It has been suggested that if the UK left the EEA as well as the EU then the country could have a relationship with the EU that mirrored that of Switzerland. Of course whether our (by then) erstwhile partners would be prepared to enter into the bilateral treaties that the EU has with Switzerland is in no way certain. In particular why would members of the EU want to help maintain the pre-eminence of London amongst the competing European financial centres.
It is also not clear if a vote to leave the EU would be taken as a repudiation of much of the legislation that has been introduced as a result of the UK's membership. Clearly the implications of this are far wider than financial services, but because the legislative framework for financial services is now so dependent on the EU, this is one sector where a wholesale rejection and dismantling of EU legislation would be particularly keenly felt. In particular if the government wanted to ensure that the UK's regime for financial services was considered to be broadly equivalent to that within the EU (and thereby potentially allow access for UK financial services firms to EU markets) the UK would have to keep much of the legislative framework that currently applies in financial services.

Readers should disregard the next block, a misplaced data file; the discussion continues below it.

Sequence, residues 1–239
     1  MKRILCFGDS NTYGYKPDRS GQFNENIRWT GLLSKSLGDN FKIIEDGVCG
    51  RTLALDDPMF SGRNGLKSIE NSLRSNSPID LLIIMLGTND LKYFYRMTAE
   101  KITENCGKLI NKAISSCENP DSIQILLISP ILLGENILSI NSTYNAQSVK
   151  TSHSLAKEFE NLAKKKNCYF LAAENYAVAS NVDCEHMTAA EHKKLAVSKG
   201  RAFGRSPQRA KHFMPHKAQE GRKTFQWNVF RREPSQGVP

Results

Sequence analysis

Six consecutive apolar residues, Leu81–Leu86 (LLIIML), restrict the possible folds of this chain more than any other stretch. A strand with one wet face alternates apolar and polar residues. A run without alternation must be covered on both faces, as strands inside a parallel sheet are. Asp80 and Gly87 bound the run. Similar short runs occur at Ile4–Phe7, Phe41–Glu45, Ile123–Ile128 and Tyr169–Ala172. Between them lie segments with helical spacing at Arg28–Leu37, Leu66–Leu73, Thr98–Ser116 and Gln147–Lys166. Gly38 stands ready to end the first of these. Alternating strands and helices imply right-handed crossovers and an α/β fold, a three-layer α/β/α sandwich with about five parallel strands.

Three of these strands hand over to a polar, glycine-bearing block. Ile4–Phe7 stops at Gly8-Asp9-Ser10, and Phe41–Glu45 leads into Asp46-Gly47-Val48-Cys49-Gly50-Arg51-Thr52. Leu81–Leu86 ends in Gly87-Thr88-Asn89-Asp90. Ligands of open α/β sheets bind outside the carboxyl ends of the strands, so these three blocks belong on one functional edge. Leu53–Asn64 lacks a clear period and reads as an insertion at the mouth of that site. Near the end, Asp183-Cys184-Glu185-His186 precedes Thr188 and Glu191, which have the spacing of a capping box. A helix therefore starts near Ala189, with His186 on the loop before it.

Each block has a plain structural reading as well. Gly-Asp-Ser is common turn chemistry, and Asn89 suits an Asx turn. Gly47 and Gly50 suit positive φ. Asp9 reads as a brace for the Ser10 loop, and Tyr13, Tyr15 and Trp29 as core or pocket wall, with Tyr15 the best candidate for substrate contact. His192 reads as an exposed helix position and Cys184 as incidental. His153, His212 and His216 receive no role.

One likely consequence of a vote to leave the EU is another vote for Scottish independence. An independent Scotland could seek to take over the UK's membership of the EU as the successor state. Whether or not this would actually be permitted, it does offer the prospect for some firms that one contingency would be for them to shift their business north.
Ultimately, however much firms may try and engage in some prudent crystal ball gazing, at present there is far too much uncertainty for firms to be able to plan effectively. As such firms should consider asking questions now about what would happen in the event of the Eurosceptic camp winning the referendum. Any interventions by financial services firms, when the campaign is up and running, which could be characterised as being in favour of the status quo, will probably encourage portions of the electorate to vote to leave the EU. Therefore it may also be the more astute option for firms to start asking these questions now.